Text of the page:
Castle: XY – A Good Cop/Bad Cop Review

Castle: XY


“Yeah, well, this sort of thing happens to me a lot.” ~ Richard Castle.

New Picture (10)

Melanie Atkins

Spoiler alert! If you haven’t watched the first episode of the new season, stop reading now. Okay, that said… wow! I didn’t know what to expect from season eight after learning that the show’s creators, Andrew Marlowe and his wife, Terri Edda Miller, had decided to leave after seven seasons, even after ABC renewed Castle. At first we didn’t know if Nathan and Stana, who portray Rick and Kate, would return, and then Nathan signed. Stana didn’t agree to come back until she met with the new showrunners, former Castle writers Terence Paul Winter and Alexi Hawley (who also worked as co-showrunner for The Following), and they assured her of the show’s continued character growth and cohesiveness. I’m so glad they both agreed to stay, and boy, was I thrilled with episode one of season eight.

All of the changes hinted at over the summer had me a bit worried before the show aired. Pretty early on during the hiatus, we learned that Gates had moved on to 1PP, leaving her position open at the 12th… and that Kate would take that job rather than running for the state senate. I’m so glad the writers went in that direction. One crisis averted. Of course, with Gates out, that meant Penny Johnson Jerald no longer would be part of the show (even though the door is open for her to return at some point should the story call for it). Enter two new characters, one of whom we met in episode one: Toks Olagundoye portrays Hayley Shipton, a stealth security specialist with a shady past who will reappear quite frequently. The other is Sunkrish Bala, a new tech expert who will also pop in from time to time. We’ll have to see what they add to the show.

Winter and Hawley claim Castle will be “less of a procedural and more character-driven” this year. They intend to focus on deepening Rick and Kate’s relationship, the true heart of the show, rather than on weird cases—as evidenced by Rick’s intense response to Hayley Shipton’s statement about his love for Kate. “You must really love her,” she says, and he comes back with, “Like a house on fire.” Oh, yeah. I adore this new approach and trust the powers-that-be to bring us back to that at the end of this adventure-packed, two-part introduction to season eight.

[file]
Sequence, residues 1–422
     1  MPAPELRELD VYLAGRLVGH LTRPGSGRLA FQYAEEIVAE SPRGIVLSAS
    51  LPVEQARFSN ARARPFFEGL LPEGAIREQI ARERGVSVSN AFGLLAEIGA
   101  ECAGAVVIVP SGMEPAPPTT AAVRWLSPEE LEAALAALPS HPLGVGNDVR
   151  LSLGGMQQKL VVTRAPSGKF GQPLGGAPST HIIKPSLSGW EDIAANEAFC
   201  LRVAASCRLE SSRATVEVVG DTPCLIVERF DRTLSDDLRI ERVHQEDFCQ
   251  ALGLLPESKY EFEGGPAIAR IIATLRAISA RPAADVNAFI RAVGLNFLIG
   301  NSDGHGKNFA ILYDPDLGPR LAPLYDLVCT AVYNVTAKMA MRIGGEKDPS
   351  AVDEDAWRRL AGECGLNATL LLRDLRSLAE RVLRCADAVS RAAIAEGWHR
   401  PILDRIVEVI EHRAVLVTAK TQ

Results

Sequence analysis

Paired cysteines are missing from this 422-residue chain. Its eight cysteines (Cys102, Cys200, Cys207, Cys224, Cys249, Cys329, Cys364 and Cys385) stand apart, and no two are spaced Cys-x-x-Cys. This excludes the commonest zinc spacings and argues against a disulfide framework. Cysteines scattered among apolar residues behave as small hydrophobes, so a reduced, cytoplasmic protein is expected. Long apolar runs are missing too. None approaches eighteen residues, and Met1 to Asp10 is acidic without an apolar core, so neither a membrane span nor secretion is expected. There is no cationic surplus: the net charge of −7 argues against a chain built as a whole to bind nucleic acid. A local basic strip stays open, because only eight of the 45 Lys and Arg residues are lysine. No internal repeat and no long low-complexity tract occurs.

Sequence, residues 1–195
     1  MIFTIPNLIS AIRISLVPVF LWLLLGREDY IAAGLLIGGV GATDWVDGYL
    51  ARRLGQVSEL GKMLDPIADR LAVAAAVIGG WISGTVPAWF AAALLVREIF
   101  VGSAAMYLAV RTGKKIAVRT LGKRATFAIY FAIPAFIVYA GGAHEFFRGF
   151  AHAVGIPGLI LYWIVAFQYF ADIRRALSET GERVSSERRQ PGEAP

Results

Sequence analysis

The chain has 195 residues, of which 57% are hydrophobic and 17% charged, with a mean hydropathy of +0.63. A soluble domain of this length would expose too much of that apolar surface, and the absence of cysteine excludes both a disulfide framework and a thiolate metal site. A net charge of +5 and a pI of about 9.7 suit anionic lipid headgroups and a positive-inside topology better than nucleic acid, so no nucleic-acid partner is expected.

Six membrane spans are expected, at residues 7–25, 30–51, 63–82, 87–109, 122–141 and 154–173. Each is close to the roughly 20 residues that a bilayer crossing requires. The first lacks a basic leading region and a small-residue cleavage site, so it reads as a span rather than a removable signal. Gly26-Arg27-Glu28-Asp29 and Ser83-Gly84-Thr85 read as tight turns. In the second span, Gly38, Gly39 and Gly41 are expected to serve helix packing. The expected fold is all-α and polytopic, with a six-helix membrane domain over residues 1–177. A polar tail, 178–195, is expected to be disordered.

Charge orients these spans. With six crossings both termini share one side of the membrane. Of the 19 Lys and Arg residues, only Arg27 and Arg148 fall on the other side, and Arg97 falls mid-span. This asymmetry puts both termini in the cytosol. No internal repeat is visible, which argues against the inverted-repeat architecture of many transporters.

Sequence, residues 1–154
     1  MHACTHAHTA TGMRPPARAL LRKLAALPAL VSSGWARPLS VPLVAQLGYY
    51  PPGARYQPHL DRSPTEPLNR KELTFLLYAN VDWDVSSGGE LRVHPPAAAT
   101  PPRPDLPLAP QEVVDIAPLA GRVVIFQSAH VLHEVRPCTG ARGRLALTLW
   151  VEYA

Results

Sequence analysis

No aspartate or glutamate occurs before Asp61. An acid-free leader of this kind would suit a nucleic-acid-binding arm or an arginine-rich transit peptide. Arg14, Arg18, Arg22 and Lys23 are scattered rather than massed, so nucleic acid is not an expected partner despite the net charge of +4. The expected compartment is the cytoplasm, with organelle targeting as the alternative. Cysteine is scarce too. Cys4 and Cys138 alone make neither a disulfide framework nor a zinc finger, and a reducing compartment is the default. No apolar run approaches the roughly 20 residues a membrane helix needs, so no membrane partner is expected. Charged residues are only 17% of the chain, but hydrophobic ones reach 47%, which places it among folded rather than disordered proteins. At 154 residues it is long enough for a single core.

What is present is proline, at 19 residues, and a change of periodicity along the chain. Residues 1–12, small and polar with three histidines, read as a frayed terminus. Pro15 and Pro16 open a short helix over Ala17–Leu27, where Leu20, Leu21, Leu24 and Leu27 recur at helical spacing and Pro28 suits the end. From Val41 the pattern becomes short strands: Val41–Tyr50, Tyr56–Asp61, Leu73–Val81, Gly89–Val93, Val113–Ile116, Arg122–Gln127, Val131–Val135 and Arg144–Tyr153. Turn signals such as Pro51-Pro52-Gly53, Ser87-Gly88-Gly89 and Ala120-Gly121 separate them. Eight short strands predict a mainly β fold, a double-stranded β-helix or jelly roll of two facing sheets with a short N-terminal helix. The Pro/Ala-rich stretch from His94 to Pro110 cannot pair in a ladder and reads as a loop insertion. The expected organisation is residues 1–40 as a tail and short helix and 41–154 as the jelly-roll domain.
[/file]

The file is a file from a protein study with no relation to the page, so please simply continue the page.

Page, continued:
The season gets off to a heart-warming start in episode one with a delicious little scene between Rick and Kate at the loft on Kate’s first morning as captain. After that, we learn where Gates has gone, that Ryan and Jenny are expecting their second child, and that Rick has revamped his PI office and plans to revive his practice. With Kate taking over for Gates, he won’t be able to follow her around like he has in the past, although he will still accompany Ryan and Esposito to crime scenes from time to time. Alexis is now Rick’s partner in his PI business, even though he doesn’t know it at first, and quickly proves she can handle the job. I like this new development.

The beautiful bracelet Rick gives Kate as the show opens, with their word Always inscribed inside, comes back to haunt him when he finds it in a pool of her blood after she mysteriously disappears on her way to a meeting at 1PP. Then he learns that she did not, in fact, have a meeting, and that she lied about where she was going and with whom she spoke on the phone during a strange call she received during their little celebration.